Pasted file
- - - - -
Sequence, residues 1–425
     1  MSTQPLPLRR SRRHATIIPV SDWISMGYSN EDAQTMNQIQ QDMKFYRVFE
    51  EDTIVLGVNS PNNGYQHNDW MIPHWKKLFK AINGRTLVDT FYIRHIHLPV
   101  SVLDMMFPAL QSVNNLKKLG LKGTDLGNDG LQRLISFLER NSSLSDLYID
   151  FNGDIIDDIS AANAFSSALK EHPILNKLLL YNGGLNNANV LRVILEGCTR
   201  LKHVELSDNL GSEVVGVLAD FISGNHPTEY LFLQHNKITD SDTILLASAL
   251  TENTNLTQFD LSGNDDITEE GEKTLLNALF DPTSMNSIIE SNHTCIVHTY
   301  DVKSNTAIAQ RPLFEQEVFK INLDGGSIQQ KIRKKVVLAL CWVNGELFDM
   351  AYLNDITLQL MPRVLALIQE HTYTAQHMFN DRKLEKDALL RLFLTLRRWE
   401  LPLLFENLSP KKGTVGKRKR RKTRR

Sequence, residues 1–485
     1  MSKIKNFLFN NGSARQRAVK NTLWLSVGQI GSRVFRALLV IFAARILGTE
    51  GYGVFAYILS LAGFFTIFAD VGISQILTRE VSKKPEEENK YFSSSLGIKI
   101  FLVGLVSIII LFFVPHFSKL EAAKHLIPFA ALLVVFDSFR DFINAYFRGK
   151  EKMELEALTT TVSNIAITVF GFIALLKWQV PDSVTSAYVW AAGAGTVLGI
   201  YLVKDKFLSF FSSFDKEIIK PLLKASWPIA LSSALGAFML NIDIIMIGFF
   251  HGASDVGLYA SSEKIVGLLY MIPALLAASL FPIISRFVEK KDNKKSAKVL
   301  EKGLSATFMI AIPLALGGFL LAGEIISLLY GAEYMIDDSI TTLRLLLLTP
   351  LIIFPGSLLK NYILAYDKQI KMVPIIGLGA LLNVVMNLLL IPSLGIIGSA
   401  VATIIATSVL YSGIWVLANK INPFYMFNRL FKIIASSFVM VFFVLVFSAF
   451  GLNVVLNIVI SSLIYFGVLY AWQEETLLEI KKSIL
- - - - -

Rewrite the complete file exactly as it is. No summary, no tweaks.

Sequence, residues 1–425
     1  MSTQPLPLRR SRRHATIIPV SDWISMGYSN EDAQTMNQIQ QDMKFYRVFE
    51  EDTIVLGVNS PNNGYQHNDW MIPHWKKLFK AINGRTLVDT FYIRHIHLPV
   101  SVLDMMFPAL QSVNNLKKLG LKGTDLGNDG LQRLISFLER NSSLSDLYID
   151  FNGDIIDDIS AANAFSSALK EHPILNKLLL YNGGLNNANV LRVILEGCTR
   201  LKHVELSDNL GSEVVGVLAD FISGNHPTEY LFLQHNKITD SDTILLASAL
   251  TENTNLTQFD LSGNDDITEE GEKTLLNALF DPTSMNSIIE SNHTCIVHTY
   301  DVKSNTAIAQ RPLFEQEVFK INLDGGSIQQ KIRKKVVLAL CWVNGELFDM
   351  AYLNDITLQL MPRVLALIQE HTYTAQHMFN DRKLEKDALL RLFLTLRRWE
   401  LPLLFENLSP KKGTVGKRKR RKTRR

Sequence, residues 1–485
     1  MSKIKNFLFN NGSARQRAVK NTLWLSVGQI GSRVFRALLV IFAARILGTE
    51  GYGVFAYILS LAGFFTIFAD VGISQILTRE VSKKPEEENK YFSSSLGIKI
   101  FLVGLVSIII LFFVPHFSKL EAAKHLIPFA ALLVVFDSFR DFINAYFRGK
   151  EKMELEALTT TVSNIAITVF GFIALLKWQV PDSVTSAYVW AAGAGTVLGI
   201  YLVKDKFLSF FSSFDKEIIK PLLKASWPIA LSSALGAFML NIDIIMIGFF
   251  HGASDVGLYA SSEKIVGLLY MIPALLAASL FPIISRFVEK KDNKKSAKVL
   301  EKGLSATFMI AIPLALGGFL LAGEIISLLY GAEYMIDDSI TTLRLLLLTP
   351  LIIFPGSLLK NYILAYDKQI KMVPIIGLGA LLNVVMNLLL IPSLGIIGSA
   401  VATIIATSVL YSGIWVLANK INPFYMFNRL FKIIASSFVM VFFVLVFSAF
   451  GLNVVLNIVI SSLIYFGVLY AWQEETLLEI KKSIL